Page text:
items important to safety
An item that is part of a safety group and/or whose malfunction failure could lead to radiation exposure.
jet impact
The potential internal hazard associated with high pressure fluid released from a pressure retaining component.
leak-before-break
A situation where leakage from a flaw is detected during normal operation, allowing the reactor to be shut down and depressurized before the flaw grows to the critical size for rupture.
licensing basis
A set of requirements and documents for a regulated facility or activity comprising:
• the regulatory requirements set out in the applicable laws and regulations
• the conditions and safety and control measures described in the facility's or activity's licence and the documents directly referenced in that licence
• the safety and control measures described in the licence application and the documents needed to support that licence application
malevolent act
An illegal action or an action that is committed with the intent of causing wrongful harm.
management system
A set of interrelated or interacting elements (system) for establishing policies and objectives and enabling the objectives to be achieved in an efficient and effective way. The management system integrates all elements of an organization into one coherent system to enable all of the organization's objectives to be achieved. These elements include the structure, resources, and processes. Personnel, equipment, and organizational culture as well as the documented policies and processes are parts of the management system. The organization's processes have to address the totality of the requirements on the organization as established in, for example, IAEA safety standards and other international codes and standards.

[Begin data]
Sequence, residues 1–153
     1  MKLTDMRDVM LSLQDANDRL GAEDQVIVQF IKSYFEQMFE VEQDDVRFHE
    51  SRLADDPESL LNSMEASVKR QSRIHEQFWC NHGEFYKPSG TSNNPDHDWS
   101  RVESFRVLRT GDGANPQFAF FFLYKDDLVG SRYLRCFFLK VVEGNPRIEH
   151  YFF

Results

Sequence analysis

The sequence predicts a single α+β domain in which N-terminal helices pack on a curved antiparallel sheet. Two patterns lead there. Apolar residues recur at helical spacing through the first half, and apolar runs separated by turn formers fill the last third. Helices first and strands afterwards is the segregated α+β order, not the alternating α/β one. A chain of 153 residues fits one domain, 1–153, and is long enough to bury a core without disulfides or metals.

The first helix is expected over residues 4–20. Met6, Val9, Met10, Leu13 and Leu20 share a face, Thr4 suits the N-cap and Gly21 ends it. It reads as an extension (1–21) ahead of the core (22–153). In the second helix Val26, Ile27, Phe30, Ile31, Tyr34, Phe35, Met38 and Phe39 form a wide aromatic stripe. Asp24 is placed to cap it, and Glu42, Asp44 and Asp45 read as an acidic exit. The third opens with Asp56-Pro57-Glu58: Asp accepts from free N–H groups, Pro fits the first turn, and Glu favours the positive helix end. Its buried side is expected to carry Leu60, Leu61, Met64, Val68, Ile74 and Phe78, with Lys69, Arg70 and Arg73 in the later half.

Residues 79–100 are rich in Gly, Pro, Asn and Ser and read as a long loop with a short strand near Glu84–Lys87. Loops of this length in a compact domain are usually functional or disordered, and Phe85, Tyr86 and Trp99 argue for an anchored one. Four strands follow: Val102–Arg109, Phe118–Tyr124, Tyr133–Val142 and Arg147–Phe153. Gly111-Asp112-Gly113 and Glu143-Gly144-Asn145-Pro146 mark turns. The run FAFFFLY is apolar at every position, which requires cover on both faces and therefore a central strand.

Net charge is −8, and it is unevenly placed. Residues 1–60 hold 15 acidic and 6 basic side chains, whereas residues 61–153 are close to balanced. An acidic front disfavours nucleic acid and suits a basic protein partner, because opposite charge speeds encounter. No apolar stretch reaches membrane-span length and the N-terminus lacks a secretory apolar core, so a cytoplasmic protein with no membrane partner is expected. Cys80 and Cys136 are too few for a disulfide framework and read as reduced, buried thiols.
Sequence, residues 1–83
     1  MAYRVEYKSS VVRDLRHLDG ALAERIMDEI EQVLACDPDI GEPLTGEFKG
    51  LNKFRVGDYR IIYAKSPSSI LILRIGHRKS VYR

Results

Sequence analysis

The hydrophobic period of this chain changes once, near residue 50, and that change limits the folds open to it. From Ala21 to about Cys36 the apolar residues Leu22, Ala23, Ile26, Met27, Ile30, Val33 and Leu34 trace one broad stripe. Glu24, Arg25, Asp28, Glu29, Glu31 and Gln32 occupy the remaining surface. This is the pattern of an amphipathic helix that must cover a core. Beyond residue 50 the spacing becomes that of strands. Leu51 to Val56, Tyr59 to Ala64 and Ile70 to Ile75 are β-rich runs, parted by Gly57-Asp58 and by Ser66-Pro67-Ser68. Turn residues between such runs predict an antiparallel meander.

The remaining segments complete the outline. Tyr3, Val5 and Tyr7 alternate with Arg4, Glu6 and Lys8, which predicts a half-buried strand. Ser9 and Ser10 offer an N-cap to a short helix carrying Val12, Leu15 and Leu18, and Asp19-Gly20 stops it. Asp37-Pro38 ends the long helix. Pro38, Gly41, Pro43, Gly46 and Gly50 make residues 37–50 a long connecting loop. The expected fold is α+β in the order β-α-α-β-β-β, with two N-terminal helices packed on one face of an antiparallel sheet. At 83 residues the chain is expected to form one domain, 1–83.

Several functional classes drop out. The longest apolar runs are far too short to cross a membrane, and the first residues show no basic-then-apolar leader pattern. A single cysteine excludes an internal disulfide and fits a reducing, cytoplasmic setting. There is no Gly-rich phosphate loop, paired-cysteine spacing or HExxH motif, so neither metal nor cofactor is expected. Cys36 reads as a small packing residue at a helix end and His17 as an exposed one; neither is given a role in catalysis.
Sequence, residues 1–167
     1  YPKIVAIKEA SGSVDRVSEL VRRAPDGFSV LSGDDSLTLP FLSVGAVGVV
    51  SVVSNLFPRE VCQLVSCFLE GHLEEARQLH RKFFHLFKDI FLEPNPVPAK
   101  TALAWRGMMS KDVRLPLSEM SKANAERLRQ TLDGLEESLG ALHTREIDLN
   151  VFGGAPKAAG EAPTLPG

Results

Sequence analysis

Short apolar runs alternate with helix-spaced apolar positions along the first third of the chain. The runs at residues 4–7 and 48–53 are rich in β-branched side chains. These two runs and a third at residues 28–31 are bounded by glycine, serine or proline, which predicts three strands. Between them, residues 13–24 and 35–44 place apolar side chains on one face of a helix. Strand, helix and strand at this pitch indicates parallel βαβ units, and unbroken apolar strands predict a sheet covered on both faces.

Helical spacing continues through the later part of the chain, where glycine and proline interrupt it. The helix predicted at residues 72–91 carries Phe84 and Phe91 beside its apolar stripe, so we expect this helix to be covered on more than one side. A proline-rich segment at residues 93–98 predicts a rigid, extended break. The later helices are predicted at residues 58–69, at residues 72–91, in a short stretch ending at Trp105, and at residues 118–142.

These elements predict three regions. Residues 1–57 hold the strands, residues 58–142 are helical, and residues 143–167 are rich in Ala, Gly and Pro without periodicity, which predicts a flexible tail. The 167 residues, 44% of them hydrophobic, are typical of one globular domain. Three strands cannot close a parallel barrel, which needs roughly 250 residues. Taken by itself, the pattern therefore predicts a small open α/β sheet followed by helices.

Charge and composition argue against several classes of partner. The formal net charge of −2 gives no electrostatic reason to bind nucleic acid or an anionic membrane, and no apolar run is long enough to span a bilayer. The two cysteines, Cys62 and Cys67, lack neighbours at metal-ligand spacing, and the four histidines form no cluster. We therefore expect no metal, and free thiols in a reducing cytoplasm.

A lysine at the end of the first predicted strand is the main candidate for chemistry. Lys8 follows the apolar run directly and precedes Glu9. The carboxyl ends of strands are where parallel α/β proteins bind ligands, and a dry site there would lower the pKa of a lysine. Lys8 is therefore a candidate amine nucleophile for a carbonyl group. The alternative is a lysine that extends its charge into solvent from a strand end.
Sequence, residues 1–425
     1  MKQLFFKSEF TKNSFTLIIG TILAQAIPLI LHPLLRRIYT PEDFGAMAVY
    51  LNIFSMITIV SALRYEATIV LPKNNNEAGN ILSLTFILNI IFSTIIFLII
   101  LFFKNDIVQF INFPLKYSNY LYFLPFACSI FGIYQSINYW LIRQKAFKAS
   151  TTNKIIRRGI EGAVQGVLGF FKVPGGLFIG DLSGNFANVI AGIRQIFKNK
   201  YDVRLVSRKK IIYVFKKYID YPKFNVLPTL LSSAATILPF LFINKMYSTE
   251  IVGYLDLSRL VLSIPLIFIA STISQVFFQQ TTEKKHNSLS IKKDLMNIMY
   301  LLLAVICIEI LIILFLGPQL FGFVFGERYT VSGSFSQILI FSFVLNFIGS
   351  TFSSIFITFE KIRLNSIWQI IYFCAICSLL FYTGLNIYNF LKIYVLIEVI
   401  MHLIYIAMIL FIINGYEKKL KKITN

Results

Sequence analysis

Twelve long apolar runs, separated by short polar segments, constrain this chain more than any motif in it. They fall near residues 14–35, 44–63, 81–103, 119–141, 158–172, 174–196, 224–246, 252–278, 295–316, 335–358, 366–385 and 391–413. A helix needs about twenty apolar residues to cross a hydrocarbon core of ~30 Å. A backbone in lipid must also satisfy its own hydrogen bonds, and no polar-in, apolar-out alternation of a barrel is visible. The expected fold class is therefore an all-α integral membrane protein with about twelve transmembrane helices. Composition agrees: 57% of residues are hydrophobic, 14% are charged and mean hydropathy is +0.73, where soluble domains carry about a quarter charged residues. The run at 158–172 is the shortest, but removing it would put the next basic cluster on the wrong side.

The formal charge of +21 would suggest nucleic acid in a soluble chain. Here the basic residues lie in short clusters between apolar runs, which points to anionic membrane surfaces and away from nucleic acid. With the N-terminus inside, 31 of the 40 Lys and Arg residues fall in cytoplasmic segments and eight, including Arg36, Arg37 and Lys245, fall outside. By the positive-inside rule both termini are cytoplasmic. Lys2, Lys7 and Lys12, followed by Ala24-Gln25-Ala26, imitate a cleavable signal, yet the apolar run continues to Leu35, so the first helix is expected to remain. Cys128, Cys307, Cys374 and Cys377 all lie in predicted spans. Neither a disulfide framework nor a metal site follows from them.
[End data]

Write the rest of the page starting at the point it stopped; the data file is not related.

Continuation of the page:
missile generation
The hazard associated with the sudden high-speed propulsion of debris.
mission time
The duration of time within which a system or component is required to operate or be available to operate and fulfill its safety function following an event.
normal operation
Operation of a nuclear power plant within specified operational limits and conditions including startup, power operation, shutting down, shutdown, maintenance, testing and refuelling.
nuclear power plant
Any fission reactor installation constructed to generate electricity on a commercial scale. A nuclear power plant is a Class IA nuclear facility, as defined in the Class I Nuclear Facilities Regulations.
offsite power
The alternating current (AC) power supplied from the transmission system (grid), to the plant electrical power distribution systems.
onsite power
Power supplied from a plant's alternating current (AC) power systems, direct current (DC) power systems and uninterruptible AC power systems.